The internet is a powerful tool that should be respected and used to help and enlighten, not damage and manipulate. Like every good thing, it’s healthy to set boundaries on digital usage, especially with social media and developing children. Teaching kids positive digital habits early is crucial in lessening the possibility of leaving damaging imprints, like cyberspace bullying. Because the frontal lobe is still developing in children, they are prone to more impulsivity, making them vulnerable to post things that seem relevant in the moment, but could quickly become regretful. Reinforcing boundaries and following through with appropriate consequences should happen consistently to underscore the lesson that the internet is forever. With Apps, like Twitter and Snapchat, there should be an understanding and an agreement that the parents must know their passwords etc so they can monitor them. When helping your children with their impulsivity, encourage them to wait a minute before posting something by asking themselves, “Is this something I would want my grandparents etc to see?” “Will this content be relevant to me next week or even tomorrow?” Because it is important to give a child a sense of autonomy, I recommend limited and monitored usage. Be reminded that the more you forbid a child to do something- especially a teen or pre-teen- the more enticing it is. You can bet most teens will rebel at some point ( it’s their job to!) and have some Finsta (fake instagram) that you don’t know about.

I encourage parents to discuss the deception of social media as well. Most humans don’t want to post a bad picture of themselves and there are so many filters now that what seems real is simply unattainable. Yet, my therapy room is flooded with conversations of “not being good enough” or “ not living up to (impossible) standards” set by social media images. I love the words by the artist Jax in the song, “Victoria’s Secret.” She sings it so eloquently:

God I wish somebody would’ve told me

When I was younger that all bodies aren’t the

Same

Photoshop itty bitty models on magazine covers

Told me I was overweight

I stopped eating, what a bummer

Can’t have carbs in a hot girl summer

If I could back and tell myself

When I was younger, I’d say, “Pssst

I know Victoria’s Secret

And, girl, you wouldn’t believe

She’s an old man who lives in Ohio

Making money off of girls like me

Cashin’ in on body issues

Selling skin and bones with big boobs

I know Victoria’s Secret

She was made up by a dude (dude)

Victoria was made up by a dude (dude)

Victoria was made up by a dude.

We need to have the consistent conversation with our kids that what you see onscreen is not reality. Not even reality shows are reality. It is Gen Z’s culture to watch each other. If you notice, adolescent children watch less TV, but more of each other through TikTok and other digital and social media. So rather than learning about each other from meaningful “IRL” interactions, our kids are prone to make observations, assumptions, conclusions about other people from filtered, edited, marketed, scripted blurbs and images on social and digital media.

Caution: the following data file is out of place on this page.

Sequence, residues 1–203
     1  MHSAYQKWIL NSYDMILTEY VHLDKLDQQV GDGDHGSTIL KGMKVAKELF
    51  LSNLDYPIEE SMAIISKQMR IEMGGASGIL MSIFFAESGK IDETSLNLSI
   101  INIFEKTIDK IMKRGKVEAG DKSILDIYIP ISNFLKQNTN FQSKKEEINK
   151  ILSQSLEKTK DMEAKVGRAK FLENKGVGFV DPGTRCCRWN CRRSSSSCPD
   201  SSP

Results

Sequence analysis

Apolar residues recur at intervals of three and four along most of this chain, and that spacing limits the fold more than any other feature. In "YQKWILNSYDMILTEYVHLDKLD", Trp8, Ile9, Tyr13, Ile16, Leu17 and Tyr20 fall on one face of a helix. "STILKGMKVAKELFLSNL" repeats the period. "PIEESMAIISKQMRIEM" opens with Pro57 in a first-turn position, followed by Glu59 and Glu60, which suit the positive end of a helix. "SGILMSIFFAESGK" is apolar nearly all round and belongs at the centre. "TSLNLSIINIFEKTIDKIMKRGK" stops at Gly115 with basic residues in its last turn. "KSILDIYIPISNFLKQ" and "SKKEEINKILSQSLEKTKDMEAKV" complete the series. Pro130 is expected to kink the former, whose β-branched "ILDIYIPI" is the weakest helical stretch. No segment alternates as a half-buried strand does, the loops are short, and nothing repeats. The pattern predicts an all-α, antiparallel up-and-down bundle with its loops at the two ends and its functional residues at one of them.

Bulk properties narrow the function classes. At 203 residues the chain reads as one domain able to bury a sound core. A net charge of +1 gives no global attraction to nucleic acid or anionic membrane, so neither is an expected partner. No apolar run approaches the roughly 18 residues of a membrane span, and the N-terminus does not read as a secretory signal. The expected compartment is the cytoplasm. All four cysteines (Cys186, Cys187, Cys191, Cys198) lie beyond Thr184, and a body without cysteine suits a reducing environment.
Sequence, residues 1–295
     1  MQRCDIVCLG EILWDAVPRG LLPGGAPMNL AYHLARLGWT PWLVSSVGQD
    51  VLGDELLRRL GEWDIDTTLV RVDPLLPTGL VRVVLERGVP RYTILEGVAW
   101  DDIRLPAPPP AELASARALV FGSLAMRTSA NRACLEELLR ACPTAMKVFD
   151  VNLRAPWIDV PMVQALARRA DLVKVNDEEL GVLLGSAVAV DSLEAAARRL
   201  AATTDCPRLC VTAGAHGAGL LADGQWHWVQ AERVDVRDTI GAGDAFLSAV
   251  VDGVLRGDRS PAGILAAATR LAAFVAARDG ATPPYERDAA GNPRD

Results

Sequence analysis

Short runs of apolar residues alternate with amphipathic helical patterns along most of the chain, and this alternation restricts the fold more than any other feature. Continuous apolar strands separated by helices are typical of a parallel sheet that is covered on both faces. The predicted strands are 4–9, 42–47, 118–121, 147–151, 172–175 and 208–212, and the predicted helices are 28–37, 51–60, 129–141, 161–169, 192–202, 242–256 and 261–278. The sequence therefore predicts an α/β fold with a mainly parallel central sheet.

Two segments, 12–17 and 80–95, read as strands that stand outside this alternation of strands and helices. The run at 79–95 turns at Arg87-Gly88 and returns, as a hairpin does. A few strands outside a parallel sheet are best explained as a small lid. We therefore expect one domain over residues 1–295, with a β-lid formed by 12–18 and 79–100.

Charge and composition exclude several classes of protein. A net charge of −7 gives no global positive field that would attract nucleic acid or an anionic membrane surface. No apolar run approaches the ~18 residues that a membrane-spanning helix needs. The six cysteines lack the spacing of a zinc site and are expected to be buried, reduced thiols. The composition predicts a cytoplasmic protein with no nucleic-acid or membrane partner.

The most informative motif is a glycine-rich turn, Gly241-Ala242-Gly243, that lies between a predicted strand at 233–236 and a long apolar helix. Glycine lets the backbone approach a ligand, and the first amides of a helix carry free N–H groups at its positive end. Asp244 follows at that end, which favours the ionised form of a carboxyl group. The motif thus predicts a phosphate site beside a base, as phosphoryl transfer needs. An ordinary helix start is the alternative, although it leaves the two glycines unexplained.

It is important to teach children about pop culture as it can help them develop social skills, such as communication and empathy, and can also be a way for them to explore their own identity and interests. However, it is also necessary to teach children how to critically evaluate the messages and values presented in pop culture, as well as how to use social media responsibly.

What are your favorite books, podcasts, or resources that inspire you to be a better parent? Can you explain why you like them?

My clients are my best resources, especially my teens. I’m honored to hear their stories and perspectives on family, school, and personal relationships. We can learn so much from our kids. I encourage my parents to appreciate chatty teenagers. If your child is telling you things, it means they are inviting you to take part in their life. Listen with no response, except maybe mirroring what they’re saying and asking for more. When teens figure out you will not respond with judgment or impunity or ridicule, they will begin to share more. The more information you have, the more you understand how your child thinks and where they are in emotional maturity. Set aside time once a week to focus on some of those points, but never while they are opening up.

I also really like Dr. Gary Chapman, author of The Five Love Languages. Not only do I reference his principles in couples counseling, I also reference it in raising teens. (He also has a book for teens called The Five Love Languages of Teenagers). Dr. Chapman argues that the love languages are not limited to adults, but also applicable to teenagers. He believes that teenagers have the same emotional needs as adults and that understanding their love language can help them feel loved and valued. He also believes that understanding the love languages can help parents, guardians, and caregivers show love in a way that is truly meaningful and effective for their teenager, and can lead to a stronger relationship.